Stephen Colbert Slams Trump as a “Delicious Idiot” at PaleyFest

Colbert said the president is "eroding our standards as a nation" while also speaking about his transition from the "very political" 'Colbert Report' to the "much easier" 'Late Show' gig.
Scott Kowalchyk/CBS
Stephen Colbert

On Saturday night at PaleyFest, Stephen Colbert, who frequently criticizes the Trump administration on CBS' The Late Show, condemned the president as a "delicious idiot" to huge applause.

The Late Show host said there are “wild violations of norms going on all the time that, inch by inch, are eroding our standards as a nation." Colbert further spoke about anxiety, his Catholic faith and his transition from his Colbert Report persona to working on The Late Show, including CBS’ limitations on profanity.

For The Colbert Report, which ran on Comedy Central from 2005-2014, Colbert explained that he parodied himself as "the American neutral" as a straight, white Christian man, adding it would be difficult to do that character today because it’s "an actual political position now."

It took about six months into The Late Show With Stephen Colbert, which premiered in September 2015 following David Letterman's retirement, for Colbert to "reinvent" a new way to do his show. He acknowledged that his previous persona was very political and from a subjective point of view: "I never in my entire life had done something as myself."

Colbert said it’s “much easier now than the old show” because he doesn’t have to get out of character. However, he said it made him happy when people bought "the surface level" of his conservative onscreen personality.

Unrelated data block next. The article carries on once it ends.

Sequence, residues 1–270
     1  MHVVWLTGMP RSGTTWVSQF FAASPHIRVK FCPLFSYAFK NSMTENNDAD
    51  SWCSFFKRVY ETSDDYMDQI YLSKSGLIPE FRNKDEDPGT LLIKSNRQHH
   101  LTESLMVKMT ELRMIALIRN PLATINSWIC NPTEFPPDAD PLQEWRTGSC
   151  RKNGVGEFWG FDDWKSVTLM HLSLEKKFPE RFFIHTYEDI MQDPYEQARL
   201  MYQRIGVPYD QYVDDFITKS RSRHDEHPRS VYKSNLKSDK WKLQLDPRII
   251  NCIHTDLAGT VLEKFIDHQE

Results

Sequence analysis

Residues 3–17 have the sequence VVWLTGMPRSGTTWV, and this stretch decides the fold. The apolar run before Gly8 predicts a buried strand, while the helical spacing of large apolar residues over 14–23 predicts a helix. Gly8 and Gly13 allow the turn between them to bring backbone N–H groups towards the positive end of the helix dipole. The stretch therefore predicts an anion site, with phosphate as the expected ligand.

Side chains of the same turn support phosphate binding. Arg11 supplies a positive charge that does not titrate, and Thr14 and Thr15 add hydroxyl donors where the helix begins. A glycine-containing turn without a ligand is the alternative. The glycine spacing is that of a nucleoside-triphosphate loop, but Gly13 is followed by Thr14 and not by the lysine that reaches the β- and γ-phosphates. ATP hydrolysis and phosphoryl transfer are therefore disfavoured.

"I was thrilled when people at home thought I meant it," said Colbert, who is from South Carolina. He joked that Donald Trump has "stolen a lot of my lines" from his Colbert Report days. 

Despite expressing his political viewpoints on his show, Colbert assured that his goal for The Late Show is to create a community and "make everybody feel better." "When we’re laughing, we’re not afraid," he explained. "I don’t think what I’m saying is important, I don’t think it’s going to change people’s minds, I don’t think I’m a political player."

Colbert reflected on new limitations to his material, in particular, with CBS' restrictions on profanity. He lamented that he can’t show animals having sex. "You can’t show even show a pencil drawing of two frogs having sex," he joked of an attempted bit on his show. "We got a note that said 'CBS does not show animals fucking’ quote unquote. That’s in an email. … A lot of the notes we’ve gotten from the network are written on the wall." He maintained, however, that he loves working with constraints.

Another evolution on the show is the use of his iconic pen, he said. Now, Colbert only takes notes when interviewing politicians because they have to "defend their policies and positions." 

Moderator Pete Holmes also asked about Colbert’s anxiety before performing. The host said he takes his blood pressure after the show and occasionally staff won’t let him leave the office because it’s so high due to “pressure." He called anxiety "fear’s great motivator" and said he "transforms the poison of anxiety" into adrenaline.

Colbert later talked about his Catholic faith, calling himself a "huge fan" of Jesus and adding that "no one has kicked me out yet." He also mentioned that "going to mass is an attitude of humility."

After Letterman's retirement in 2014, Colbert signed a five-year deal with CBS, in which the network owns The Late Show. The comedian recently went viral when actress Ellen Page spoke on his show about homophobia, condemning Vice President Mike Pence and expressing sympathy for Jussie Smollett (the Empire star has since pled not guilty to charges he lied about being the victim of a hate crime). In the past week, Colbert tackled the college admissions scandal and fired back at Trump's attack on late-night hosts.